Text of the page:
United States & New York state here. Although the first few paragraphs might make it seem like a legal question, it is not! It's an insurance question, and more specifically, about how to handle a particular aspect of an insurance claim.

I am trying to help out my elderly mother. Her car was legally parked in a supermarket parking lot last week and another man accidentally rammed her car while driving by it. Thankfully she was in the store when this happened and no one was hurt, including the other driver.

The police labeled it as an accident but cited the other driver as being the at-fault party. Because of this, the other driver's insurance is taking effect, and they sent a claim adjuster to review the damages to my mother's car. They have deemed her car to be a "total loss" and unsafe to drive.

They want to cut her a check for an appallingly low figure. Her car was in mint condition, had all sorts of special aftermarket accessories (remote starter, etc.) and even Kelley Blue Books puts its value way above what they are saying it's worth.

My question: what are her options here?

Can she hire an independent adjuster to review the first adjuster's analysis/assessment? Can she appeal the assessment? Does she get to have full access to all the information the current adjuster used to make his assessment of the value of her vehicle?

  • 3
    What did your mother's insurance company say? (In Australia, it is common for your own insurance company to first cover you to whatever the policy says, then go after the other party's insurance company. My impression is that if you're insured, it shouldn't matter to you what the other insurance company values your car at. But things might be different in your country.)
    – Lawrence
    Sep 12, 2019 at 18:00
  • 1
    You always have the option to sue in a tort case for the fair damages as assessed by an agent of your own choosing. If she tells the insurance she is going to do this and provides the estimate from her own agent they may be inclined to negotiate to avoid court.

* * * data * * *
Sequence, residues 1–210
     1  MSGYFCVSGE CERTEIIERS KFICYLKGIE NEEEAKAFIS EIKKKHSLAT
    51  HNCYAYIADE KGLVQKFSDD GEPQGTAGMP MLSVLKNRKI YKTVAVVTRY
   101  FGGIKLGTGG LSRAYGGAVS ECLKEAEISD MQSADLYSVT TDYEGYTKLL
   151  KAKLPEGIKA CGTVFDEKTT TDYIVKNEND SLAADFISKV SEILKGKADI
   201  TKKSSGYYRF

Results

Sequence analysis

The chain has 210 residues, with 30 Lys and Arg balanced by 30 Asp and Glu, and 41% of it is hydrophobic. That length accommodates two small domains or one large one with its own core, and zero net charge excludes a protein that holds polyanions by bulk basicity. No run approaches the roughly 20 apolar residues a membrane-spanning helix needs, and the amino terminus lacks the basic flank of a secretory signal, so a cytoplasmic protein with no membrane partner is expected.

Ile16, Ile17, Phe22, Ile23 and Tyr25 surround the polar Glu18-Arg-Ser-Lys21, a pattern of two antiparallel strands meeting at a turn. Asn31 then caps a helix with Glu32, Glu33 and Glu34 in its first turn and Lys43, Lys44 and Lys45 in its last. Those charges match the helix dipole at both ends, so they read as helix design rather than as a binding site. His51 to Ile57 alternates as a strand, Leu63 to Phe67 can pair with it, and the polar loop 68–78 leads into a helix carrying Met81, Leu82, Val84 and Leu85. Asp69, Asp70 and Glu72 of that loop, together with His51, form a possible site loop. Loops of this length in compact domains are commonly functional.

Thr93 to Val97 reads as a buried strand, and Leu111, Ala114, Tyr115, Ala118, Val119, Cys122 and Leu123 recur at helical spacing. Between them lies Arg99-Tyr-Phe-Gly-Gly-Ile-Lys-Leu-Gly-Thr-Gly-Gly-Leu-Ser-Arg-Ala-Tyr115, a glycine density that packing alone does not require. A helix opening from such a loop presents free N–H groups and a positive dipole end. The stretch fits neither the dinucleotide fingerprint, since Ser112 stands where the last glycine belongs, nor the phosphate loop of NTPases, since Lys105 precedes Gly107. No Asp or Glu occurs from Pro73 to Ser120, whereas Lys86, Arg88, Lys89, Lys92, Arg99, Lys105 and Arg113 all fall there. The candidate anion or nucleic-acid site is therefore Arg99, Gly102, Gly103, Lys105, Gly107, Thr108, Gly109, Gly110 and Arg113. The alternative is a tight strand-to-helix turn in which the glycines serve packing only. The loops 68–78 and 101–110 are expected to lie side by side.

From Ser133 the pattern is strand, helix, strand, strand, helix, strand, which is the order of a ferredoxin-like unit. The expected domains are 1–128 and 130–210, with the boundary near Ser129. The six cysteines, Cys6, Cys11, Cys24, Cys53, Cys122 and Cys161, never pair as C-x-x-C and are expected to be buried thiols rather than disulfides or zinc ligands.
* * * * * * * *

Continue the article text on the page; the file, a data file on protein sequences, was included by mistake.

– Vality
    Sep 12, 2019 at 18:36

2 Answers 2


Start with going back to the insurance company telling them their offer is too low, and provide specifics on what you've listed above regarding KBB and after-market accessories. The'll most likely up their offer.

I was in a very similar case last year when a cab hit my parked car. After some back and forth they raised their offer significantly to get closer to what the car was worth. Suing is also an option, but it'll be a lot more time consuming and expensive.


Your mom needs to file her own claim against HER insurance. What happens when you get into an accident is you take the car to get repaired and your insurance covers the repairs. Then, your insurance company subrogates against the at-fault party's insurance (i.e. tries to recoup money from the other person's insurance). DO NOT CONTACT THE OTHER PARTY'S INSURANCE COMPANY - give that company's information to YOUR company when you call them.

  • There is an option in NY for your insurance company to be a middle-man or if you want to deal with the other insurance company yourself, unfortunately.
    – paulj
    Jan 21, 2020 at 21:02
  • I have the option to step out into the street in front of a moving bus, but that doesn't mean its a good option. The best thing to do is always go through your own insurance company, and if you're not at-fault it won't count against you at renewal.
    – Ben
    Feb 20, 2020 at 22:03

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